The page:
Enable HTTPS on your Web Serve


HTTP secured, that is what we commonly hear about https. What does it brings in … A secure communication for the client as well as an assurance that the server is actually what it claims to be.  HTTPs is not generally a protocol by itself, it is actually layering http upon SSL, simplly encrypting the http traffic.

In this post, I will be explaining how to enable https on an apache web server running on a linux host. I am expecting that you already have apache and SSL configured in your system. So lets begin….

1.Activate SSL module

Apache is shipped with SSL module disabled. Hence we have to manually enable it. The following command can be used to enable SSL in apache.

sudo a2enmod ssl

2.Create a self signed SSL Certificate

sudo openssl req -x509 -nodes -days 365 -newkey rsa:2048 -keyout /etc/apache2/ssl/apache.key -out /etc/apache2/ssl/apache.crt

The x509 command is a multi purpose certificate utility. It can be used to display certificate information, convert certificates to various forms, sign certificate requests like a “mini CA” or edit certificate trust settings.

-nodes is used to specifie no passphrase should be used. If you use a passphrase, you will have to enter it whenever you restart your server.

3.Update SSL config file

 

sudo vim /etc/apache2/sites-available/default

Make the following modifications in the file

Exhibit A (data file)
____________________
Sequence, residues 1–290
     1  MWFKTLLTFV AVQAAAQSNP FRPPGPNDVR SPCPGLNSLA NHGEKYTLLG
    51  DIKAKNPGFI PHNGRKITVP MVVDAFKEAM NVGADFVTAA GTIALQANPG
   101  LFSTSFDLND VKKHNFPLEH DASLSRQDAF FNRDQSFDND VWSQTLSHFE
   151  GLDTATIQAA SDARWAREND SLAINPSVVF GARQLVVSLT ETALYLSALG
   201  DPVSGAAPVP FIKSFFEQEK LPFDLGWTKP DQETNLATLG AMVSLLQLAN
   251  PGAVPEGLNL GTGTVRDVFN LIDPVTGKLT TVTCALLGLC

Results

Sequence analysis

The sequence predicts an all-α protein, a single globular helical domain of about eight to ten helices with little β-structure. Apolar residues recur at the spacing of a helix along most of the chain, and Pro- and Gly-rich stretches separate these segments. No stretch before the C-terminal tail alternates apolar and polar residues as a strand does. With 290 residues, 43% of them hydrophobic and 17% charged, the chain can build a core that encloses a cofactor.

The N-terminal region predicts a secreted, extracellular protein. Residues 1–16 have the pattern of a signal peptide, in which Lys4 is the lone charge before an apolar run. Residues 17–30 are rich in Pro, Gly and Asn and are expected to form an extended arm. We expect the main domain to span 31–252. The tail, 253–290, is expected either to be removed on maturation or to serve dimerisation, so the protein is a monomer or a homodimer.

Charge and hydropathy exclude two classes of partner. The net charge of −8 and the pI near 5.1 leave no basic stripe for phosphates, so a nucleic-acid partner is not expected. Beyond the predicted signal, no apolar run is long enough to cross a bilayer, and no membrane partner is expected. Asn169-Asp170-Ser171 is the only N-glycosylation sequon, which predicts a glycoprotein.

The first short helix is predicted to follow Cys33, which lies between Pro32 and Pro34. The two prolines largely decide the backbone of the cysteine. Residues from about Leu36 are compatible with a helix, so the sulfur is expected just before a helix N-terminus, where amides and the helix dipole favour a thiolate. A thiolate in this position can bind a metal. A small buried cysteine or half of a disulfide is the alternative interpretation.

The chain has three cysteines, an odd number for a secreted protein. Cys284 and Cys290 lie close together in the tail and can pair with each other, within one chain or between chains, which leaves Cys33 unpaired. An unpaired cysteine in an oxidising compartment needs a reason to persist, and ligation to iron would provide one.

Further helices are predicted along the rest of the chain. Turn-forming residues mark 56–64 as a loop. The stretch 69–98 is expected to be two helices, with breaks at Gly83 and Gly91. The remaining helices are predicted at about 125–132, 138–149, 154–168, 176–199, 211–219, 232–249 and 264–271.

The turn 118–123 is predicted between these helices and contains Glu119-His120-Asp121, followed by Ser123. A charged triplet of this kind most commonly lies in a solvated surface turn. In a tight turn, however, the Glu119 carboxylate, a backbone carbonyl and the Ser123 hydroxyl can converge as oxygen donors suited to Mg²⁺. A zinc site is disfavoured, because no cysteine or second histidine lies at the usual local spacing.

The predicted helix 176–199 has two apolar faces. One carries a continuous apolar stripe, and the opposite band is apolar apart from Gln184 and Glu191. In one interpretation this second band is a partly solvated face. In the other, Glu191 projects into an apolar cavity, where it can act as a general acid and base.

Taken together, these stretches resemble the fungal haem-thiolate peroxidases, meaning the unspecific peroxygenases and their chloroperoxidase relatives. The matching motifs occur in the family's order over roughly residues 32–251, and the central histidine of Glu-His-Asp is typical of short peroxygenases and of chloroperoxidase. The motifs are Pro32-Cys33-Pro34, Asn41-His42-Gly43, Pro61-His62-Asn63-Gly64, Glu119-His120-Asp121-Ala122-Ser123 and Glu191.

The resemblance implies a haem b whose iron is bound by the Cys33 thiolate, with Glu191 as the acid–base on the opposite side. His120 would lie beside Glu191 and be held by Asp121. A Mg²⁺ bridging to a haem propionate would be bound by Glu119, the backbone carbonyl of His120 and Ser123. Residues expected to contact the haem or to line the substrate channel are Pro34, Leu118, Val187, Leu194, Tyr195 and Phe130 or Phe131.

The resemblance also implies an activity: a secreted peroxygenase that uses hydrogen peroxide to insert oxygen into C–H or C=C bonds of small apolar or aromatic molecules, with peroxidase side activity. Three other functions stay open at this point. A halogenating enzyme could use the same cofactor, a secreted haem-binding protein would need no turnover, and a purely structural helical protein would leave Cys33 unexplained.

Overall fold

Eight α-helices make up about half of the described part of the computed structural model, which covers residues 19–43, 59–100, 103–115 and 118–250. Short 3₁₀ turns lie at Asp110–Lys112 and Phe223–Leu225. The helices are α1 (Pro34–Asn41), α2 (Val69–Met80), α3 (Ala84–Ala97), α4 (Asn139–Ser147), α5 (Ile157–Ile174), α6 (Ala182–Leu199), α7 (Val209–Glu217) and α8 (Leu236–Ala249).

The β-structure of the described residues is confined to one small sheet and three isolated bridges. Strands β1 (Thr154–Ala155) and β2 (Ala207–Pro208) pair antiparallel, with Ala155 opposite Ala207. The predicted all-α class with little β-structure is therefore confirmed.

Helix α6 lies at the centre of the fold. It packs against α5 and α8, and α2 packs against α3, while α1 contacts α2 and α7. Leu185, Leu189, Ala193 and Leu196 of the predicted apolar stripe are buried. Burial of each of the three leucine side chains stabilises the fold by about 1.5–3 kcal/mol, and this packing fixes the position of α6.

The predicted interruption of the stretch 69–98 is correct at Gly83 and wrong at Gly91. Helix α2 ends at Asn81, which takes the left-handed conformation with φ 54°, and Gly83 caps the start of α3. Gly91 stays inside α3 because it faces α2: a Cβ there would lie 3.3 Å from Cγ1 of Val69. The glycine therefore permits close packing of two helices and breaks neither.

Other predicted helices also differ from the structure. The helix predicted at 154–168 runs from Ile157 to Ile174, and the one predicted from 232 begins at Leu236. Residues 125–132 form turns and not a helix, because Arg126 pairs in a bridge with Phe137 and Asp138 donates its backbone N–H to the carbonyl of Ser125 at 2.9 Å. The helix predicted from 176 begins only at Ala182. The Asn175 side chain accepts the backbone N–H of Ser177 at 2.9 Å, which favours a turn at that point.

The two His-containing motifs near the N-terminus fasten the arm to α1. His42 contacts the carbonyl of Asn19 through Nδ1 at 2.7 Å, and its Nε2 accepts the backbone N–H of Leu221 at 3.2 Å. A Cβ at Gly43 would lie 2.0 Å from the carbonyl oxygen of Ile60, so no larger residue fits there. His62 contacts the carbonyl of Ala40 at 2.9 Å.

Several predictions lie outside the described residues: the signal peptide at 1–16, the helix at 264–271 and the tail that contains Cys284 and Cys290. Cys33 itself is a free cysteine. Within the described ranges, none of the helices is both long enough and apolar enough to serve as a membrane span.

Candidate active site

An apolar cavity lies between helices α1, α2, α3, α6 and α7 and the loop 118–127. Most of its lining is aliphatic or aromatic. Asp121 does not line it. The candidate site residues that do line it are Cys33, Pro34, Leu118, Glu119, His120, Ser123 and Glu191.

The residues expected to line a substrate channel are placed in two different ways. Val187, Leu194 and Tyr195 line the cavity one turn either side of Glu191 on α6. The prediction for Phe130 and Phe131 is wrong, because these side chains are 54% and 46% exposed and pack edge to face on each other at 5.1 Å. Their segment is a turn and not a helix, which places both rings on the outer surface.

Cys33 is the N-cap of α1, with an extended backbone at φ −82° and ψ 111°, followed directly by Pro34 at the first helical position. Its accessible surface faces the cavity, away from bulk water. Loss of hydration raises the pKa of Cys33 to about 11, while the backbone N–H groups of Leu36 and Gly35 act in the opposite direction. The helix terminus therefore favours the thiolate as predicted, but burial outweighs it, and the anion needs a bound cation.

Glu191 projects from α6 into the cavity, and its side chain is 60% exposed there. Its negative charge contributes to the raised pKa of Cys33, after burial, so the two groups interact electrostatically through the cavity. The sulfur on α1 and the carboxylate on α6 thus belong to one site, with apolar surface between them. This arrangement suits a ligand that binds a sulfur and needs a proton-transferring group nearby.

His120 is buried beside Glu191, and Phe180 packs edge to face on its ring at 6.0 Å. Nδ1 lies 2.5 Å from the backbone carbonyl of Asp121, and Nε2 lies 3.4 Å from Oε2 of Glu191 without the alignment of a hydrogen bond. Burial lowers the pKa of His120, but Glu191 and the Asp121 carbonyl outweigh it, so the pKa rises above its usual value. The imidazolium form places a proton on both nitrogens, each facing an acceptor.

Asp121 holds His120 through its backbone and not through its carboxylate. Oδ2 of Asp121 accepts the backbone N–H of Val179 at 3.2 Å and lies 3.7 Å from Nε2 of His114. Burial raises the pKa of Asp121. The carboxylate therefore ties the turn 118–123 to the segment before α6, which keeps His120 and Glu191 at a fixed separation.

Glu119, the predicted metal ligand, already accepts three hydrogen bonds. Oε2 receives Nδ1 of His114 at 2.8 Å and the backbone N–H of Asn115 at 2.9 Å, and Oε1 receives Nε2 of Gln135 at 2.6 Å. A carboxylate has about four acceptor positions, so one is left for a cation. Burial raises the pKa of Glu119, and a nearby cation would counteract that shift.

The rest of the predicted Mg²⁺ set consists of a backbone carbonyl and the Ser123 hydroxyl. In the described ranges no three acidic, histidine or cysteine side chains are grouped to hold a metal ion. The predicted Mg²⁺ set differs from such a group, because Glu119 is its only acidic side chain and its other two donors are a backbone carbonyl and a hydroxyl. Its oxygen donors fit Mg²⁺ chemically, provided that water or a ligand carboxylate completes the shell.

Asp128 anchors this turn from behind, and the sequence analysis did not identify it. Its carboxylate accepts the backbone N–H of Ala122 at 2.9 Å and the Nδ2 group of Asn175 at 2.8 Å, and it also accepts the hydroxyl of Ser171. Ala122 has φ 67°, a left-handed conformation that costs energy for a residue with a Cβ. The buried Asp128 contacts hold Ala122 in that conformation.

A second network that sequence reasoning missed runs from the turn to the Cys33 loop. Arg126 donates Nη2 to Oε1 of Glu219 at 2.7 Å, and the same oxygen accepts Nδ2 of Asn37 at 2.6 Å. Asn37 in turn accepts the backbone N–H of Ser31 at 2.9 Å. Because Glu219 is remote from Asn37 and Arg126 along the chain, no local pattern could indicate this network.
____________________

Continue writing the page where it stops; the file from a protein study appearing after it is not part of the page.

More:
• Change the port on the virtual host to 443
    <VirtualHost *:443>
  • Add  your server name  below the Server Admin email
    ServerName localhost:443
  • Replace localhost with the domain name, if a domain name was given in “Common Name” above
  • Add SSL configurations to the file
    SSLEngine on
    SSLCertificateFile /etc/apache2/ssl/apache.crt
    SSLCertificateKeyFile /etc/apache2/ssl/apache.key

4. Activate the new Virtual Host

sudo a2ensite default

Restart apache for the changes to take effect

sudo  /etc/init.d/apache2 restart

That is it…. HTTPS is configured in your web server with a self signed certificate.

NB:- It is always preferable to get the certificate signed by an authorized CA. Some browsers deny access for untrusted certificates.

Advertisements

Nmap Security Scanner


nmap5

Network Mapped (Nmap) is a network scanning and host detection tool that is very useful during several steps of penetration testing. Nmap is not limited to merely gathering information and enumeration, but it is also powerful utility that can be used as a vulnerability detector or a security scanner. So Nmap is a multipurpose tool, and it can be run on many different operating systems including Windows, Linux, BSD, and Mac. Nmap is a very powerful utility that can be used to:

  • Detect the live host on the network (host discovery)
  • Detect the open ports on the host (port discovery or enumeration)
  • Detect the software and the version to the respective port (service discovery)
  • Detect the operating system, hardware address, and the software version
  • Detect the vulnerability and security holes (Nmap scripts)

Nmap is a very common tool, and it is available for both the command line interface and the graphical user interface.

I this post, I will show you how to use Nmap for port scanning and OS fingerprinting purposes.

Nmap Port Scannig

$ nmap target